A huddled stranger stood at the door. He needed directions to neighbors that lived a block or two away. The old man swallowed the lump in his throat and gave the man directions. He closed the door unaware of the tears that rolled down his cheeks. He walked back to his chair, but just as he sat on the shabby edge jumped back up. “I’m not going to wallow in this,” he said to himself.
He found his old coat, wrapped his tattered muffler around his neck, and even grabbed his cane as much as he despised it. The sidewalk was icy, and rather the cane and a bruised ego, than a fall and a broken bone. Once his ancient truck sputtered to life, he backed out of his garage and headed for an old friend’s house. But as he drove insight of his friend’s home, he noticed several cars with out-of-state tags parked in the driveway. It reminded him of his own yard a few years before when his own family’s cars lined his drive. This year, it was his friend’s family who had come and brought his friend’s Christmas with them. He decided to pass on by and not disturb them. He didn’t want to be a burden.
Christmas was for family. If you didn’t have one, then you shouldn’t barge in on someone who did. He’d just go to another friend’s house. He did, only to discover it was packed with people too. So finally, he just decided to just go home.
As he pulled into his own driveway, he noticed something sifting in the snowdrift next to his house. The old man could see the tracks it had made as it traipsed through the snow toward his door. “It must be a little thing to have gotten stuck in a drift,” he thought. Soon he saw how little as he stooped over to pick up a shivering, half-starved mutt puppy. “You’re so ugly, you’re cute.” He told the pup. A lick on the face and a wag of its cold tail told him it thought he wasn’t so bad either. “Well, come with me. I bet you can cause me enough trouble to make me forget my miseries today,” he laughed.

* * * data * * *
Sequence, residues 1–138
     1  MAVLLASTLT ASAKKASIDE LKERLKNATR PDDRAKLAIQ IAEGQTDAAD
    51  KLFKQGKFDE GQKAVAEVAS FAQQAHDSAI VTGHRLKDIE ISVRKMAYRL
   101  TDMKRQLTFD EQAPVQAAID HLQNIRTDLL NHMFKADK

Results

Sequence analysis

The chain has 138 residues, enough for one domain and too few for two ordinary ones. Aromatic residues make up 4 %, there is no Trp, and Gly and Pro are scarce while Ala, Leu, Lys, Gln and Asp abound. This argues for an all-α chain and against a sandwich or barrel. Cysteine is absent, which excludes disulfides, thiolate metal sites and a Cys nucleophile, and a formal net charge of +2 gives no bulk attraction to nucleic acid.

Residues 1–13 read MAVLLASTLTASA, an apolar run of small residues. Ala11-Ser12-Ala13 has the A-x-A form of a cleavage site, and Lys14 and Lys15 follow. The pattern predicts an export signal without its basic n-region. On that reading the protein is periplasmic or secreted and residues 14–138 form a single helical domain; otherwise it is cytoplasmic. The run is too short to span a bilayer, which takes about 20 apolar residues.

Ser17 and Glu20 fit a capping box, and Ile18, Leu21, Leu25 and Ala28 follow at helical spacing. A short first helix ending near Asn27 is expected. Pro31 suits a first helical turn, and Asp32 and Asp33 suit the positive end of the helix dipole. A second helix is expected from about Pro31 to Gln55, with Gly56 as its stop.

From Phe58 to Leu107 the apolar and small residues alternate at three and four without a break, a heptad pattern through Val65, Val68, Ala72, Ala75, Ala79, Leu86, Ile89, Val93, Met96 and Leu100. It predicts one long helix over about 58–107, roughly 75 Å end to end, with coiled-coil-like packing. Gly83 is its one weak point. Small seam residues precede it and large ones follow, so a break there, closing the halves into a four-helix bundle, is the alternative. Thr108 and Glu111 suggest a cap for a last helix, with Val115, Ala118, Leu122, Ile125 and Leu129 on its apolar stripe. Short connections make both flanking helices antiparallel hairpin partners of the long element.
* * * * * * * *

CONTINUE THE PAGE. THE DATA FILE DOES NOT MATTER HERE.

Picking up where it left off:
The old man fed the puppy till its belly rounded, and he wondered if it might pop. With the dog in hand, he nestled down in his old recliner for a mid-morning nap when another rap at the door woke him. No hope sprang up this time, just simple curiosity that was soon answered by the friendly face of the friend whose house he had passed by earlier.
“I saw you drive by Bill, and thought you might like to join us. We’d love to have you. Sue’s got a turkey baking that’s about to drive us wild. Why don’t you come and join us?” The old man tried to beg out of it, but in spite of his excuses, his friend prevailed.
Together they entered the warm house to handshakes and hugs from members of the family the old man had known for years. It was noisy, and the laughter of children filled the air with a joy that felt good even as it hurt for the absence of his own grandchildren. Everything was fine until the gifts were passed out. He pretended interest in everyone’s gift and was actually amazed at a gift of glow-in-the-dark-singing-reindeer boxer drawers that his friend’s daughter-in-law gave him.
He didn’t expect a present and wasn’t disappointed that he didn’t get one. It just reminded him again of that the still-boxed tree that sagged with memories and of his own living room floor covered year after year with his own family’s Christmas wrappings.